Monthly Archives: March 2015

My Response to Rebecca Shafer and Michael Stack

Rebecca Shafer, J.D. and Michael Stack, CPA are the president and principal ofAmaxx Risk Solutions, Inc., respectively.

This morning, on their blog, Rebecca wrote an article about the six things employers should do to avoid being a part of a ProPublica report.

You may be aware that ProPublica and NPR have recently reported on the harm many injured workers have received not only at the hands of medical personnel and the workers compensation industry, but even from their own employers.

I decided to write a response to Rebecca and Michael. Here is the text of my email to them:

Rebecca and Michael,

There should be a seventh item to your list. Employers should respect the health, welfare, dignity and honest hard work of their employees so that the treatment these workers have been subjected to, as stated in the reports, do not occur.

But the problem is, the American employer historically believes he is lord and master of his domain, which includes the workers and the materials he uses to make the employer wealthy.

If you don’t believe me, here is a quote from someone who knew what real industrial hell does to workers and workers’ lives:

“Capital is reckless of the health or length of life of the laborer, unless under compulsion from society.”

Karl Marx

We are seeing a recrudescence of 19th century, laissez-faire industrial capitalism, with its grinding poverty, income inequality, and now thanks to ProPublica and OSHA, a return to the days when workers lost limbs all in the name of ever greater profit for the owner, but misery and despair for the worker who is injured.

There was a case a few years ago about a company in Alabama that had serious injuries to their employees and not even OSHA could shut them down, This company was featured in a series of articles in the New York Times and on PBS, and because the business owner believed that no one had the right to tell him how to run his business, he could do whatever he pleased.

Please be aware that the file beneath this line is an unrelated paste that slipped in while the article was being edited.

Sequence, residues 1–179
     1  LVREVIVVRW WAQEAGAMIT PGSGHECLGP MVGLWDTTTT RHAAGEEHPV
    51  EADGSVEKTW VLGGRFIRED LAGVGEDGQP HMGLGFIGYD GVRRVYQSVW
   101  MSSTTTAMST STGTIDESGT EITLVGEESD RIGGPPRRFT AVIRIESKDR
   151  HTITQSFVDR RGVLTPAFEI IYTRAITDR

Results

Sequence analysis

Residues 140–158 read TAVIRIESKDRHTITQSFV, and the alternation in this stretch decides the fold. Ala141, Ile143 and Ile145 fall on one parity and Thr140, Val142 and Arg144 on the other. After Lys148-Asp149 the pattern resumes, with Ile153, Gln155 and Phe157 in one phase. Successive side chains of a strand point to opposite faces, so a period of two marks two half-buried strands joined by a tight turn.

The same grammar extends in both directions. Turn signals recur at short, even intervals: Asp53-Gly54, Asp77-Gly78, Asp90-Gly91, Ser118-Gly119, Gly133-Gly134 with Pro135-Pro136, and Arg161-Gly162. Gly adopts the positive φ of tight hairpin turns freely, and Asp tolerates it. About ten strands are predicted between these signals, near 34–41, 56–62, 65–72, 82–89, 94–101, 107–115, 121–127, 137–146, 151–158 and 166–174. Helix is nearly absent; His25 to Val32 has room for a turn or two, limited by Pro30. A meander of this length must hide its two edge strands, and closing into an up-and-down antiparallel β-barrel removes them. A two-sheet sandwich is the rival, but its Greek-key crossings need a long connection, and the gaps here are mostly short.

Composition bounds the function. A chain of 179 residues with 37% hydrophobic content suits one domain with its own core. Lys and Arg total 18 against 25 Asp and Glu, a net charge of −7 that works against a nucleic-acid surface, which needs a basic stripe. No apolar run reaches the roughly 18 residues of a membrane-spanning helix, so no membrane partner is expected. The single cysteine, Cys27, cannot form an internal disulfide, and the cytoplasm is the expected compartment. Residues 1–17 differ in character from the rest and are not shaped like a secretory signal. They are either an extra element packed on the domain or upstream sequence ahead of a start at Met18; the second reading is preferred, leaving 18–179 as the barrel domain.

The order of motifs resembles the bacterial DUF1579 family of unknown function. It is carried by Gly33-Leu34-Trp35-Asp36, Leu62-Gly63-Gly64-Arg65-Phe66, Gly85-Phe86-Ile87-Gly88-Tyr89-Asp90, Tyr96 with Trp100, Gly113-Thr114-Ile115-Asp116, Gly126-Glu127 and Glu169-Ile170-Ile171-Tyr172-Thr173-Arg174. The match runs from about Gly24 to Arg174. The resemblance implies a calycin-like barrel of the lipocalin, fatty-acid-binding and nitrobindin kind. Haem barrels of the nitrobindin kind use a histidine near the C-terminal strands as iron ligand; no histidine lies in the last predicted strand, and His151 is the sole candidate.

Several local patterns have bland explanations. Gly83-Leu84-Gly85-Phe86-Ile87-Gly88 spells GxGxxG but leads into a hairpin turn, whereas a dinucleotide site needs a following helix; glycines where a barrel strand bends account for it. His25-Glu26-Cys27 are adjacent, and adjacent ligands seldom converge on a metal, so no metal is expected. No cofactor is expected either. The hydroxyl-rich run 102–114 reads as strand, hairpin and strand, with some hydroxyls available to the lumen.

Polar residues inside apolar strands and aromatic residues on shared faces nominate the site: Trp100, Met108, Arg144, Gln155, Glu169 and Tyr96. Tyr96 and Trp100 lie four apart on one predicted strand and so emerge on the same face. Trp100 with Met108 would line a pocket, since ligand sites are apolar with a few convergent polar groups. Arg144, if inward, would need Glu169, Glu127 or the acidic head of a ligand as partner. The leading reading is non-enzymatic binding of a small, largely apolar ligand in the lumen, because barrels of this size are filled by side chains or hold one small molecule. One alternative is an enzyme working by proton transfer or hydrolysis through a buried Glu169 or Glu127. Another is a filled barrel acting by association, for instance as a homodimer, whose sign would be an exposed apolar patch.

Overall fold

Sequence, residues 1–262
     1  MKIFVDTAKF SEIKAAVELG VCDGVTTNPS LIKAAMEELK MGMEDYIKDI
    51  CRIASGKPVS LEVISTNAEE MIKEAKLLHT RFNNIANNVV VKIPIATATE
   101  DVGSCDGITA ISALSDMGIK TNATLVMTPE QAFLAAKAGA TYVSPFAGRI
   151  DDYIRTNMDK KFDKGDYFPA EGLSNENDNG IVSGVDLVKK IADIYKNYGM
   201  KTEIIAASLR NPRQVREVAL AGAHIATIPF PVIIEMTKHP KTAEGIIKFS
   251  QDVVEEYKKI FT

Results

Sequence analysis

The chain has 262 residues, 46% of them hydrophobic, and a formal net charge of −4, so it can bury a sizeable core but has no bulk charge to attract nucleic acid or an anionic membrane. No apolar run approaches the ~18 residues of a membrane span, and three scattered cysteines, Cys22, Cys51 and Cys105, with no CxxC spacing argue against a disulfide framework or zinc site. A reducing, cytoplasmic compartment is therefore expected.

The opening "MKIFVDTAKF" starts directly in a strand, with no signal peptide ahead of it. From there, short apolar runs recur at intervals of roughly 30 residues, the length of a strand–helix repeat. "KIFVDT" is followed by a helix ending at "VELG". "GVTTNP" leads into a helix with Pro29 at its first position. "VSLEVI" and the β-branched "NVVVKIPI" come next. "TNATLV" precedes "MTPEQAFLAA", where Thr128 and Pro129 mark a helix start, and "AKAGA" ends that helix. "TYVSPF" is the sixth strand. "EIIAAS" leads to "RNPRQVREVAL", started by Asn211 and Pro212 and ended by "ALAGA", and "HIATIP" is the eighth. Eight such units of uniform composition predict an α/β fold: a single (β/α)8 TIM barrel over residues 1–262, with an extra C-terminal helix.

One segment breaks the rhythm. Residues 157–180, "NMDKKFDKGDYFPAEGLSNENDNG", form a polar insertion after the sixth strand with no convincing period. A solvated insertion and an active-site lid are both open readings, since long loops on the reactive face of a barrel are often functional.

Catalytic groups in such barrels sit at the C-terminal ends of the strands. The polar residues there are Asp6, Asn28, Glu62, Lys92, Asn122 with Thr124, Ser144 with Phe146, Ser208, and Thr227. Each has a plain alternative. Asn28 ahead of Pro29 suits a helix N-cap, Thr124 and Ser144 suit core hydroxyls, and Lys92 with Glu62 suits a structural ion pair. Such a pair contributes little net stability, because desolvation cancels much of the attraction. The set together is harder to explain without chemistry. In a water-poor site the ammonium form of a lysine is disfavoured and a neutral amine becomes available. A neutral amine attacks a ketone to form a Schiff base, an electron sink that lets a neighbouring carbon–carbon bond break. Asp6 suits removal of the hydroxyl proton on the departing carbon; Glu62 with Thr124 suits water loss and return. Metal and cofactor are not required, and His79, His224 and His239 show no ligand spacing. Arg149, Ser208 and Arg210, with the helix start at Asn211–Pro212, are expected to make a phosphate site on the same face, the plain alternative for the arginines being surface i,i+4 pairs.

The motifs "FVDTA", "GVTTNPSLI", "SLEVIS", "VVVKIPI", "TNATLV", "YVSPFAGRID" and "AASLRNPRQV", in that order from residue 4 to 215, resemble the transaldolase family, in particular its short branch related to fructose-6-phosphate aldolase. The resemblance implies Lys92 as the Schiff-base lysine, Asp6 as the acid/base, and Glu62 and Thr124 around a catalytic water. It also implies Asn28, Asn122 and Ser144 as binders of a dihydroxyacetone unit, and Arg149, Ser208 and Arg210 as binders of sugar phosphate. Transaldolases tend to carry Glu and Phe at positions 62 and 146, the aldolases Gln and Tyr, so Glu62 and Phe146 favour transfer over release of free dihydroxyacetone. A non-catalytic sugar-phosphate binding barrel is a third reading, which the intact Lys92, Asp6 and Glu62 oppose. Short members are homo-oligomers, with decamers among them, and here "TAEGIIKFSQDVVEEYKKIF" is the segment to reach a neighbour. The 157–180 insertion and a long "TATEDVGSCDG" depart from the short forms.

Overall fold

This is libertarianism, or also known as classical liberalism, and was the modus operandi of American business throughout the 19th and early 20th centuries, until reforms such as workers’ comp, unemployment insurance, the eight-hour day and other legislation consigned these problems to the dustheap of history. But one political party, with the backing of big business and billionaires, are taking us back to the bad old days.

Until the American worker is treated with dignity and respect by their employers, there will continue to be more reports from not only ProPublica, but from Mother Jones, PBS, the New York Times, and many other journalistic outlets.

The culture of greed at any cost, the culture of adversarial labor/management relations, and the push for ever greater return on investment for those who sit on their behinds and reap the benefits of the sacrifices made by workers, whether it is an arm, leg, foot, hand, or fingers must end. That will only happen when workers are treated like human beings and not like the machinery that takes their limbs or their lives.

Addressing the problems reported by ProPublica will not be solved merely by telling the employer to do a better job of managing their claims, their TPA’s and carriers, and getting better communication with their employees, but rather the discarding of the mean-spirited, and vindictive attitudes many employers manifest against any employee who gets hurt or files a claim, files a grievance, or any other proactive stance that is seen as a threat to an employer and his precious bottom line.

Without workers, nothing gets done. Without workers, there is no business, no profit, no return on investment. We are still far from a completely automated industrial production system whereby no human will ever be hurt or maimed again, so rather than go back to the bad old days of the Industrial Revolution, as many Libertarians and Republicans, and the Koch Brothers would wish, why not be more respectful and open and honest with your employees and treat them as you would want to be treated if you were them…with dignity.